agree with Leanne. Lemon grass is most flavorful when used for grilling/roasting. The dry heat of roasting or grilling seems to bring out and amplify aromatic substances in lemon grass. For those who eat meat, it is even more aromatic when roasting chicken/beef, etc.
Heather's recipe sounds exquisite too.
I'm eating at Leanne's house! I never cook fish, but this sounds great!
Wow, thanks folks these all sound great. It looks like lemongrass and fish sauce go well together. Isn't fish sauce heavy on the salt? Heather/Leanne, do you have a favorite brand?
Heather, do you just add broth to the paste to make it a sauce?
Leanne, if I can't see the fish [wrapped in the banana leaf] how do I tell it's done? I'm sure you get a feel for it after a while but I'm trying to introduce to more fish to the menu and have not cooked it in years (hubby's been opposed but is willing to try some recipes so this will be a good start.)
Do you find the fish at Lee Lee's to be nice and fresh? Or do you have another source?
Fish Sauce is salty and stinky, but wonderful mixed in with stuff. I try a different brand whenever I buy it (it lasts me forever). Last time I got theTropics brand. The fish sauce will be your main salty component. If you decide to use shrimp paste that will add salt as well. When I am making my curry paste into a curry sauce, I continue to add fish sauce, sugar and lime until the flavor is to my liking.
If you make the curry, let me know. I have a keffir lime tree- doing poorly under a eucalyptus, but I could still give you a couple of keffir leaves if you can't find them at Lee Lee's- they add a beautiful aromatic component.
For curry sauce, I use coconut milk. I feel like I remember you saying your don't like coconut though... There are other uses for curry paste, I just haven't tried them. For the other dish, the shrimp one, it;s not really saucy, mainly seasoned noodles with herbs and shrimp.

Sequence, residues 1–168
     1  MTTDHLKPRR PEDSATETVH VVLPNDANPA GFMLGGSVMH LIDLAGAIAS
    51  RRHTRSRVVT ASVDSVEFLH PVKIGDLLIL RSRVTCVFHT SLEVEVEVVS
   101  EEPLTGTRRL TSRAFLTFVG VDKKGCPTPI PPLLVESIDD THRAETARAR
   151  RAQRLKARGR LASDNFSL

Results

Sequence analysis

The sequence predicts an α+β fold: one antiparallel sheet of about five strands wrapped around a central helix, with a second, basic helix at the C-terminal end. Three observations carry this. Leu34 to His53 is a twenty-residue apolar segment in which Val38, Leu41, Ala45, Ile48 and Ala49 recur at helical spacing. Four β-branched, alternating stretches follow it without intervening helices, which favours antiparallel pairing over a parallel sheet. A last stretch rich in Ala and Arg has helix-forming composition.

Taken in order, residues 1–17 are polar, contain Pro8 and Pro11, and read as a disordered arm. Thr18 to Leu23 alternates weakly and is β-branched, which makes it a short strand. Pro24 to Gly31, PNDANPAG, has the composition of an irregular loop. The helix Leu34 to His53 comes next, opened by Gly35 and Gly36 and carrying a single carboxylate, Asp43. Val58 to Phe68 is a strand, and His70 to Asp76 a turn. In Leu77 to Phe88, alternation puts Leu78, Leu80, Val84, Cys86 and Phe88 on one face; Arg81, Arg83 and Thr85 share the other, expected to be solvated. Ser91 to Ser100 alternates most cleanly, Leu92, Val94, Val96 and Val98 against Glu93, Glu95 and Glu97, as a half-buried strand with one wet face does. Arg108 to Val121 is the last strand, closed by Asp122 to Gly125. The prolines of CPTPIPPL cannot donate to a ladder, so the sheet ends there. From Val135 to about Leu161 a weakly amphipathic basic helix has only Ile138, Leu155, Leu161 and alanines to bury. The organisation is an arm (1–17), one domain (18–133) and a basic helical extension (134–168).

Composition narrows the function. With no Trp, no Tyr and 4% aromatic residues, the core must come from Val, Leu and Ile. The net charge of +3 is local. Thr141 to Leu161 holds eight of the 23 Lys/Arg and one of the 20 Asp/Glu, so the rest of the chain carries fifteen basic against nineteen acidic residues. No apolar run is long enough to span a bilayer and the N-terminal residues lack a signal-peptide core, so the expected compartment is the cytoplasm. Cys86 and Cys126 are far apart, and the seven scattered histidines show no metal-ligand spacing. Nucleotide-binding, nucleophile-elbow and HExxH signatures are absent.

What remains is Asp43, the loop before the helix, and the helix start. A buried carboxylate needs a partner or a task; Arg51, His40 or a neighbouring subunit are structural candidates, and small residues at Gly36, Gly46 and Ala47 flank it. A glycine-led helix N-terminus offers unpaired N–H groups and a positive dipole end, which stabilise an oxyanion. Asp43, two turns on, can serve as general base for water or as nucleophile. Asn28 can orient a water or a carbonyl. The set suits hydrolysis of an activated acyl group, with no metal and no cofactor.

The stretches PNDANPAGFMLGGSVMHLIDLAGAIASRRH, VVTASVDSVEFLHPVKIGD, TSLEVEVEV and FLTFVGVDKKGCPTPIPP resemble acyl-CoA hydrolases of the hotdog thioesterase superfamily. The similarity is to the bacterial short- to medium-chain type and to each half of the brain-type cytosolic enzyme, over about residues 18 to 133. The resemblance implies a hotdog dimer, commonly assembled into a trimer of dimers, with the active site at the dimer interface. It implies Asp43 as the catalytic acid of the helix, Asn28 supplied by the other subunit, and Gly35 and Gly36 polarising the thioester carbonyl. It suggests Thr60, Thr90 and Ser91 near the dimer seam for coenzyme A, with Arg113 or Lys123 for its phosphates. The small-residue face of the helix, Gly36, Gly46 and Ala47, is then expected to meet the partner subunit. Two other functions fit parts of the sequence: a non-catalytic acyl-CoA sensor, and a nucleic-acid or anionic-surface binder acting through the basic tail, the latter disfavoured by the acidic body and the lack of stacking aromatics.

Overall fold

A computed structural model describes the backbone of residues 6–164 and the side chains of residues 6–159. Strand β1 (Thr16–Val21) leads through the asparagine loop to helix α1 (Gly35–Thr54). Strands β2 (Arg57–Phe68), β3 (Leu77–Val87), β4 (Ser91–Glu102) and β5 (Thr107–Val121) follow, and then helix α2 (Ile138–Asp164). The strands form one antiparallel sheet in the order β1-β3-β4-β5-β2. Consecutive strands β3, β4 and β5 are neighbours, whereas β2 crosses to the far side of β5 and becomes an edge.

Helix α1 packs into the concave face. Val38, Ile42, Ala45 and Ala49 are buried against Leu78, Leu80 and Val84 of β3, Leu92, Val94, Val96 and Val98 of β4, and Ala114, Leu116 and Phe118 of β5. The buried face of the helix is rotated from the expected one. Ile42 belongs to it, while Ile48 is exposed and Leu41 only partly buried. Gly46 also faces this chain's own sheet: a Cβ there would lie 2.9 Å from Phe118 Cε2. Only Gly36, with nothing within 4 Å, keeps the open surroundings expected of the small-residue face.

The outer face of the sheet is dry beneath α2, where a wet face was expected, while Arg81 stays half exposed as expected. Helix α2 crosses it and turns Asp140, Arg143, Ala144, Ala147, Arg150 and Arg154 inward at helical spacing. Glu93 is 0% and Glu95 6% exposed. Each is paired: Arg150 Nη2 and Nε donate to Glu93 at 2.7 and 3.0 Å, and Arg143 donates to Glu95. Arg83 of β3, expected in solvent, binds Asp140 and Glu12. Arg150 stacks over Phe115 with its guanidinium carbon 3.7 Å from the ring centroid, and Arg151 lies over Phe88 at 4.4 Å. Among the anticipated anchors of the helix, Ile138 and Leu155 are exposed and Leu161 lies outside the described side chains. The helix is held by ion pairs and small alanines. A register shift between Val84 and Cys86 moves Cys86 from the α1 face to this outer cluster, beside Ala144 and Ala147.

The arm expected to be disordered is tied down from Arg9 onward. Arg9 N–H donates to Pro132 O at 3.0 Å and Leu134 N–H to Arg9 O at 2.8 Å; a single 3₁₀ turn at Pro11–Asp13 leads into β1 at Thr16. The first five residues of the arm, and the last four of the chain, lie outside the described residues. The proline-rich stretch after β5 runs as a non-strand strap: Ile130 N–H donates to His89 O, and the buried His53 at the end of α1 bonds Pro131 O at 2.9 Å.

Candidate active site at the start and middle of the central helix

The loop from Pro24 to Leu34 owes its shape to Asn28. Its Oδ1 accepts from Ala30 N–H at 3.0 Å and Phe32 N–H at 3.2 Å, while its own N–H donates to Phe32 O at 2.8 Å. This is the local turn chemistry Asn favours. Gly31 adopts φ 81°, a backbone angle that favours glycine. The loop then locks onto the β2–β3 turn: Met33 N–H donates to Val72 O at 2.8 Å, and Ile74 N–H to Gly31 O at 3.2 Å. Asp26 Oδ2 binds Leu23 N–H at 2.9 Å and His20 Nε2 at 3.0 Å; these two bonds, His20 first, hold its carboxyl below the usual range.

Mary I also grill or roast fish and chicken in the lemon grass leaves. I have used my banana leaves to 'envelope' the fish but mostly aluminum foil.
Foil large enough piece to complete enclose the fish or chicken - single layer.
Large bunch of lemon grass leaves, rinsed and divided in half.
Bunch of thyme
White wine, apple juice, or water.
Foil down, lay one half of lemon grass leaves, then one half of thyme, then fish or chicken. Next res of thyme, then rest of lemon grass. Pour over enough wine to just moisten the lower leaves. Grill on indirect heat for 20 minutes of firm fish like salmon, 10 minutes for delicate like orange roughy. For chicken 30-40 minutes depending on thickness.
Open foil pouch carefully, take a serving platter and place on top and upend it, removing the soaked herbs and serve :-)
You do the same in a covered roaster in the oven at 350 for 20 minutes, just layering the herbs and fish without the foil.
I also add lemon grass to my sun tea brews and when I want refreshing ice water I may use lemongrass and a piece of spearmint.
Catherine, thanks for the estimated times on the fish, that is very helpful. I'm going to try some fish tonight, if I can find some that's nice and fresh. Otherwise, I'll do chicken.
Heather, fish sauce has 330 mg of sodium in 2 TBLS. I Googled for a substitute but mostly found soy sauce. Same dilemma. Sometimes you could sub worcheshire sauce but methinks that is altering the recipe too much. I'm just not a Thai curry kinda girl I guess. Thanks for all the detailed information, I'm sure it will be helpful for others who are poking around looking for lemongrass uses.
My palette is more in tune with Latin American, or Italian flavors. Also like Chinese stir frys. Eveything picante, but I often sub soy sauce with my home made broth, which is spicy with cayenne type peppers and lots of garlic and onion. I think Leanne and I are on the same track. :-)
As always, thanks a bunch for the input. It's been very helpful.
It has lots of sodium, but the amount used in the finished product is minimal. That curry paste recipe makes a lot of paste. You only use 2-6 tblspn pf the paste when making the actual curry and that makes many servings- so teh amount in the finished product is minimal. Same with the noodle dish. You may use 2 tablespoon, but that's for the entire dish which is many servings. Soy sauce does not taste the same! :)